Answering Questions for Iowans About Business and Shopping Safety
May 7, 2020
As businesses across Iowa look at how and when they'll reopen during the coronavirus pandemic, customers have questions about their safety if they go out and shop. Local 5 spoke with the Iowa Business Council to get some answers.
Local 5 News: I know business owners are going to be cautious about this because there are so many different rules, some businesses are opening and others are going to be more cautious about us. As businesses across Iowa look at how and when they'll reopen during the coronavirus pandemic, customers have questions about their safety if they go out and shop. This clearly works better for some businesses than others. Some, it's an immediate opening, some are going to have to think about it, I would imagine.
Joe Murphy, Iowa Business Council: I think that's right. And I think as we talk about reopening the economy, it's really about how we operate in a phased approach using the data from our health scientists and our government officials to really guide that reopening process. You know, reopening the economy in Iowa and the entire country for that matter is not like flipping a light switch. It's more about turning a dimmer or turning a dial. And so as more data comes in, as more opportunities come in for reopening, businesses will be able to use that guidance, make decisions that are the best case for themselves, while most importantly, keeping the health of their employees, their customers and their clients right at the forefront to make sure that those individuals are taken care of and provided for.
Local 5: And I talked to a friend who's a business owner ... and there's this perception may be that every business just wants to immediately open, they're not concerned about the impact that their opening may have. But that probably is is clearly not true with all the businesses that you represent, right? They're very concerned about how they're opening will impact not only their employees but their customers?
Joe Murphy: Without question. I think one thing for sure is that everybody is very excited to get back to some sort of normal reality that we all experienced prior to this pandemic. But the facts remain that that normalcy is going to take quite a bit of time. And so while we all hope that we can get to that point at some time in the future, we just don't know when that is. And the reality is that it will probably be quite some time from now. And so we can really think about ways in which we can open responsibly, open in phases. And, you know, for those industries and organizations that are beginning to reopen in Iowa, again, they're not opening up fully right away, like they were, you know, eight, nine weeks ago. They're opening up in a very responsible manner, opening up in phases, opening up in ways that have strict social distancing requirements still in place. And certainly keeping capacity limits quite low from what they were you know, around St. Patrick's Day or even before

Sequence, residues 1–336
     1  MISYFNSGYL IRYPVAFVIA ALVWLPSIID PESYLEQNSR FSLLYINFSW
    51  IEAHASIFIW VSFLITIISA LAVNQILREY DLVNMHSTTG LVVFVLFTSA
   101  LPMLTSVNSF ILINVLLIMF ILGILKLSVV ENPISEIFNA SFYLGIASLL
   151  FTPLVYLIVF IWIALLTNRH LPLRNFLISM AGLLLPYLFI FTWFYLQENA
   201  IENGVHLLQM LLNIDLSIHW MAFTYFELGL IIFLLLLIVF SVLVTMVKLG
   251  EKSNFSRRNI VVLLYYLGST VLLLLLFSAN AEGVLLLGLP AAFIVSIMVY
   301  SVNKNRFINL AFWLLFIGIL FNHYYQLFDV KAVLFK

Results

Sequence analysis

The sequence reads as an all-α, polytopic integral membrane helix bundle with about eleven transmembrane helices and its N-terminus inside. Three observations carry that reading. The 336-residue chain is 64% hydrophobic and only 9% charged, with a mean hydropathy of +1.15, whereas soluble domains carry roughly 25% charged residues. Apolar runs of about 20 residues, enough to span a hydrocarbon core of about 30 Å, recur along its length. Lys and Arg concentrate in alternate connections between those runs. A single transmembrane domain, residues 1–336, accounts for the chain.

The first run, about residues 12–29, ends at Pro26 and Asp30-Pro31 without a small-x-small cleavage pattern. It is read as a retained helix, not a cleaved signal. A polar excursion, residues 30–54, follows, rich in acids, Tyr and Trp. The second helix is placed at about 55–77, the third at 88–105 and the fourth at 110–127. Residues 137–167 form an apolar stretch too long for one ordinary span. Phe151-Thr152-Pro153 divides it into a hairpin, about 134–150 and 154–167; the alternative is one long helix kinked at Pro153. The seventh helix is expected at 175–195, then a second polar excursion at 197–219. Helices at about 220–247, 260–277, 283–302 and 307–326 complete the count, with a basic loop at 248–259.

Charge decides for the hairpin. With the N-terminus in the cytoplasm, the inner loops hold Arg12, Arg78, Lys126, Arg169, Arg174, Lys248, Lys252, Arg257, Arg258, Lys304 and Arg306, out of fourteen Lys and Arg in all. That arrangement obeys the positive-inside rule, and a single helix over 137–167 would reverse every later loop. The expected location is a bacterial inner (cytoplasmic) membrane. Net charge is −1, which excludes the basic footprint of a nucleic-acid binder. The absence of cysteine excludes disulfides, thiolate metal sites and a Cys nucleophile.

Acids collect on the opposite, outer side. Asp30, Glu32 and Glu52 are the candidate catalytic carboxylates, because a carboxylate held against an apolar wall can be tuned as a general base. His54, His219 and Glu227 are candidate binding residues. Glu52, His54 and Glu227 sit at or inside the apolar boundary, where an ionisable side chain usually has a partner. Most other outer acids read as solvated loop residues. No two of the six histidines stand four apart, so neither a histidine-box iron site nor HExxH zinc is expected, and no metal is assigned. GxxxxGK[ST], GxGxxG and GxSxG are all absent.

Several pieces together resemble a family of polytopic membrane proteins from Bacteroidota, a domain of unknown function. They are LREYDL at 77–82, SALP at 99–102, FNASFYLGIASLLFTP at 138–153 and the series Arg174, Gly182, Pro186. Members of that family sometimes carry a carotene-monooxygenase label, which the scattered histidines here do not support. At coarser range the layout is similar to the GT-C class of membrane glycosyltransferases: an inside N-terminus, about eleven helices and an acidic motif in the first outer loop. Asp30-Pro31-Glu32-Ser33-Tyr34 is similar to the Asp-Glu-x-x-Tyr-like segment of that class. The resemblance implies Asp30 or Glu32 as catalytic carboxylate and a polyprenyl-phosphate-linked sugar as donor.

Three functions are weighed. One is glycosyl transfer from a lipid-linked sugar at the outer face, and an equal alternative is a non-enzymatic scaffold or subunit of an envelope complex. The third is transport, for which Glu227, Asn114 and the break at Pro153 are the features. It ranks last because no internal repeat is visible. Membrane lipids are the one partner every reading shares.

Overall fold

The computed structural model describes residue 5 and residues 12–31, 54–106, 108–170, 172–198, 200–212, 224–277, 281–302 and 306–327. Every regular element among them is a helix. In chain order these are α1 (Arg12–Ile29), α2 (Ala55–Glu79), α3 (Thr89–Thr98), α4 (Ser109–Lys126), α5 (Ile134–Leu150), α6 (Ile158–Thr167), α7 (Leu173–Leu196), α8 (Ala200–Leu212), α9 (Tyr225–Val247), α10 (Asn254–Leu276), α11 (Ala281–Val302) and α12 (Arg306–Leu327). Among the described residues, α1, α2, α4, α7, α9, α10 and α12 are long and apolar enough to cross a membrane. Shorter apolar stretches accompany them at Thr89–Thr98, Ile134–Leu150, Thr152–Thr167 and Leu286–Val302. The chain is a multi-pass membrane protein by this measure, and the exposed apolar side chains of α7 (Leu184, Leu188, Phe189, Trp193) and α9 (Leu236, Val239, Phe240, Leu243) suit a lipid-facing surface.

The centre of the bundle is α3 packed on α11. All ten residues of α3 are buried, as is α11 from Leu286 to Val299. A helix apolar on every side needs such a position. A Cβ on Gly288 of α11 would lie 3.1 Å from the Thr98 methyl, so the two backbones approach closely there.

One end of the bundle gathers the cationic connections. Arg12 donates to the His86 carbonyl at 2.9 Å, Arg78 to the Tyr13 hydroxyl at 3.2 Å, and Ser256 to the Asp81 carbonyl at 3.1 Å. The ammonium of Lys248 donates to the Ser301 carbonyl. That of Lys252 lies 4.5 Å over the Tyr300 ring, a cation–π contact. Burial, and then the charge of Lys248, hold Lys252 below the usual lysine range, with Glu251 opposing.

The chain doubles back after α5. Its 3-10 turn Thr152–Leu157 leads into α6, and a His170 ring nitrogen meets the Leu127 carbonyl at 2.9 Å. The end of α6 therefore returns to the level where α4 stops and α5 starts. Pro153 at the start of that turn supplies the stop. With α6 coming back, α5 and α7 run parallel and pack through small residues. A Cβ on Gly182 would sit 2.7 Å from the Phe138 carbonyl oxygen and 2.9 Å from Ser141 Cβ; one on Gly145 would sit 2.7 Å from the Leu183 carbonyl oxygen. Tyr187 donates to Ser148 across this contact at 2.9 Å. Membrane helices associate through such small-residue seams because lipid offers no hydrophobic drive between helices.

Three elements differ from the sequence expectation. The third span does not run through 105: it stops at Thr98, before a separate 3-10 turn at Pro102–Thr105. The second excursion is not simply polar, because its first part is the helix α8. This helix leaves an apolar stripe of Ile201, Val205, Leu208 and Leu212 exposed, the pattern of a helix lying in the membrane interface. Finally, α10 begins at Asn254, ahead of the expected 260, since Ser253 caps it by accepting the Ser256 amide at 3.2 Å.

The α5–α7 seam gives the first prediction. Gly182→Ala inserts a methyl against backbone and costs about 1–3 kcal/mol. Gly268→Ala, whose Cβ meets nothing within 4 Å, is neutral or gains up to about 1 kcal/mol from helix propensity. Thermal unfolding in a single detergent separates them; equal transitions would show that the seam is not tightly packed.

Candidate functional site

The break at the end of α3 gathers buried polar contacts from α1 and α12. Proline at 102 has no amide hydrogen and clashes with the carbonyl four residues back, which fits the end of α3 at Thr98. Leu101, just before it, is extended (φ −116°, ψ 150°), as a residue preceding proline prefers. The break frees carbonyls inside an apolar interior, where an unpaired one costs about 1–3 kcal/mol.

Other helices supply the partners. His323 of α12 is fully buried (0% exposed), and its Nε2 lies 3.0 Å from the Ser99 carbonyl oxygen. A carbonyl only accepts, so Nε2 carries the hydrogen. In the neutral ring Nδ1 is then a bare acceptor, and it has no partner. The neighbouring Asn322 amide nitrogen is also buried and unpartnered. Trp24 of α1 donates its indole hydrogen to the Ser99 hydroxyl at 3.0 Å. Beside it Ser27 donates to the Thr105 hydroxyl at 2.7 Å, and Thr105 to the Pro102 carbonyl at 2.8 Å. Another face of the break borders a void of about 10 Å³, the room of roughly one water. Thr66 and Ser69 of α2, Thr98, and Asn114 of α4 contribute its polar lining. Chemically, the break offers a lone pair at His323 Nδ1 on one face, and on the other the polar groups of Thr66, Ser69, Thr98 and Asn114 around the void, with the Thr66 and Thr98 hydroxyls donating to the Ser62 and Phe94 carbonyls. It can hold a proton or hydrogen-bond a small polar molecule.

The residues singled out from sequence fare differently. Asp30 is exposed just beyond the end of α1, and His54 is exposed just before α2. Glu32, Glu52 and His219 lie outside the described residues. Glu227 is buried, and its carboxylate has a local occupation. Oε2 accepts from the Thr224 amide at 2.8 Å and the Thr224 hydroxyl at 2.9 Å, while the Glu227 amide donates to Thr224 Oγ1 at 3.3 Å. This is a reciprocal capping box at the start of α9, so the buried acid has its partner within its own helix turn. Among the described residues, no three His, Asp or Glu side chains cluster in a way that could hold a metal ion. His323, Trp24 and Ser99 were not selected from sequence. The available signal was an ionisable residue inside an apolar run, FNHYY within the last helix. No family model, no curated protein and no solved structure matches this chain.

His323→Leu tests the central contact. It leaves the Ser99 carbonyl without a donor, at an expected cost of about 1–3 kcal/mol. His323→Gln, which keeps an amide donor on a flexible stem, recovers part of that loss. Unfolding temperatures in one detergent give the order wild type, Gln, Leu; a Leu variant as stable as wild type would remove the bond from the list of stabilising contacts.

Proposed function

Local 5: And this is kind of what the governor has said. The governor has said she is trusting Iowans and their level of responsibility and business owners in Iowa and their level of responsibility to not just open without any concern for what the impact could be. I mean, she's continuing to talk about the responsibility of Iowans and Iowa business owners to do it right and to observe the rules, right?
Murphy: Absolutely. I think that's absolutely the case. Certainly, our members are operating in that in that perspective. Our members are the 22 largest employers in the state. But when you look on down throughout industry from the whole state's perspective, business owners of small and mid-sized companies are doing the same thing. Being extraordinarily responsible. Because the worst thing that a business owner could do or that an industry to do would be to go into this too fast, cause a second wave, or cause panic, which would really, really impact consumer confidence, really impact employee confidence. And that's really where that dangerous economic situation really comes into play. You know, we're really trying to figure out whether or not this recovery session will be sort of a capital V-shaped or a long, drawn-out capital U-shaped. I think the facts are that we have to be very pragmatic. We have to be very self-assured and putting in place reopening mechanisms that allow us to open up safely, responsibly, and with the greatest of care for our employees and for our customers and clients.
Watch full Local 5 interview here.